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Hindend Conformation

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  • Hindend Conformation

    Two Parted Question:

    1) How much do YOU evaluate hindend conformation when you're shopping for a new prospect? Do you get concerned if a horse is a little sickle/cow hocked? Camped out? Under? Or does it only concern you if the condition is extremely noticable?

    2) On that note, considering NO horse has just 100% perfect conformation.. whats a deal breaker? Back at the knee ALWAYS is for me, as well as a horse with an overly heavy front end. But, I am trying to educate myself on hindend issues... if no horse is perfect, what is an "acceptable level" of cowhocked, for example? Whats a "little straight" behind, but not a problem? Does someone want to post me a pic of a horse with good hindend confo? I know what most extreme examples of BAD look like, but does anyone have GOOD examples?

    What is good for hunter/jumpers? Bad?
    Rural Property Specialist
    Keller Williams Realtors

    Email Me for Horse Property!

  • #2
    Look at this website should help you find your answers. http://www.jwequine.com/conformation.html
    That said I have found that what one will accept as acceptable for onself is not acceptable for another. Which usually has to do with ones experiences with the horses they have encountered.
    Never approach a bull from the front, a horse from behind, or a fool from any direction


    • #3
      There are very good conformation clinic articles each month in Practical Horseman magazine.



      • #4
        Monarch, that is a great site! Thanks so much for posting it!


        • #5
          Depends on how seriously you will be jumping too. At lower heights, you can live with a little too straight here or there, or a little crooked.

          Not if you are going to be jumping any kind of division height on a regular basis. While most can get over 3', if they have any deviation from something remotely proper alignment wise, they will simply not hold up.

          Deal breaker for me is any kind of back end weakness-as that's the engine and those hocks take a real beating even with proper alignment. So camped out, sickle hocked or excessively turned in or out rule them out. And I prefer a pretty straight front leg in mine, no lack of alignment and support on landing for me. Maybe a tiny bit of an offset cannon, minor toe in or toe out...no over or back at the knee for me.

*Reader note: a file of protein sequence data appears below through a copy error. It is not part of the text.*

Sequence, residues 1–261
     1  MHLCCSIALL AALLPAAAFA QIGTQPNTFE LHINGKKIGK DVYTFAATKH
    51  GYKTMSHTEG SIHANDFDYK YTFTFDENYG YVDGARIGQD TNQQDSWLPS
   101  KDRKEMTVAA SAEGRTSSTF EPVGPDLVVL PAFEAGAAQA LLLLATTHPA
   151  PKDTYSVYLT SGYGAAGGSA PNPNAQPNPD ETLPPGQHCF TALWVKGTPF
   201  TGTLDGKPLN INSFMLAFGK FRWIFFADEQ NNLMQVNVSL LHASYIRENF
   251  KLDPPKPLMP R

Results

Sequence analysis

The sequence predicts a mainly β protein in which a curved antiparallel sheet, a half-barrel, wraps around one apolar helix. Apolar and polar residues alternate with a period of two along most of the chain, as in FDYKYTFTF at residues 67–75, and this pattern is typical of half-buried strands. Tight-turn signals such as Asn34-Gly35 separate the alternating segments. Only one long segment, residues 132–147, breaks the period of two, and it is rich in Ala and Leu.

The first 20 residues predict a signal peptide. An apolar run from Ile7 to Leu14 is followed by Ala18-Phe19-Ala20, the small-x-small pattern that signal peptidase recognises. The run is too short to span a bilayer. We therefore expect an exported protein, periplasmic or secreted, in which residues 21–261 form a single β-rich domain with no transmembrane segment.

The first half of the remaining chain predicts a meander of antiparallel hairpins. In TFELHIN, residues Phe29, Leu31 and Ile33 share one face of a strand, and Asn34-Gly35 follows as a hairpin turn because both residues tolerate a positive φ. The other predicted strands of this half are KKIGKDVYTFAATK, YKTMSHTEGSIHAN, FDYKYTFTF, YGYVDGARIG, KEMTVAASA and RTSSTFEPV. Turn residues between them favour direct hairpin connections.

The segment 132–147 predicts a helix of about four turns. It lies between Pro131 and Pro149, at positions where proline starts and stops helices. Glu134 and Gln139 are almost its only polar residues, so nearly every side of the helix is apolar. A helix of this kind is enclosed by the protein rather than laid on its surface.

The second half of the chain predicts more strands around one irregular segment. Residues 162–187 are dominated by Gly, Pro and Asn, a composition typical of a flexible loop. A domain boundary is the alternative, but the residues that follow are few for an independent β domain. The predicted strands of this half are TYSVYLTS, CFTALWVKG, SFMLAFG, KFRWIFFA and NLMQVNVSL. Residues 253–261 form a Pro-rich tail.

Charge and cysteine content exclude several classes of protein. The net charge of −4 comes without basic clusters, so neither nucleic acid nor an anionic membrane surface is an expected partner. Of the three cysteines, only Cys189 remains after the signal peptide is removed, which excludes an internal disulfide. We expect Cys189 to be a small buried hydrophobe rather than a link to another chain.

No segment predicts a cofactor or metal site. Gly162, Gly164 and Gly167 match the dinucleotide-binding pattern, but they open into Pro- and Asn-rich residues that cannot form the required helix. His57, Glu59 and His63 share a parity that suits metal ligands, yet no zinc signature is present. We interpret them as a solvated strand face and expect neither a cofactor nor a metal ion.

And I want them tracking up. At least fully in the print of the front foot, preferably ahead of it. if they can do that, the angles are usually functional for jumping, if not, you cannot get good shape over the jump or a step down the lines because they just are not built for it.
          When opportunity knocks it's wearing overalls and looks like work.

          The horse world. Two people. Three opinions.


          • Original Poster


            I've been able to find a lot of pics of BAD conformational flaws... does anyone have a photo of what they would consider ideal hindend conformation? Bc it seems like anything that is not cow/sickle hocked is post legged!
            Rural Property Specialist
            Keller Williams Realtors

            Email Me for Horse Property!


            • #7
              Originally posted by IrishWillow View Post
              I've been able to find a lot of pics of BAD conformational flaws... does anyone have a photo of what they would consider ideal hindend conformation? Bc it seems like anything that is not cow/sickle hocked is post legged!
              Take a look at Secretariat, widely considered to have near perfect conformation for any discipline.

              The problem with conformation and the impact it may have on ability and soundness is that there is always an excellent example of a horse that possesses less than desirable conformation that excels at their discipline and has a long healthy career doing so, and a long list of horses with excellent conformation that failed to stand up to the demands of their discipline, or failed to express the ability their conformation would have dictated.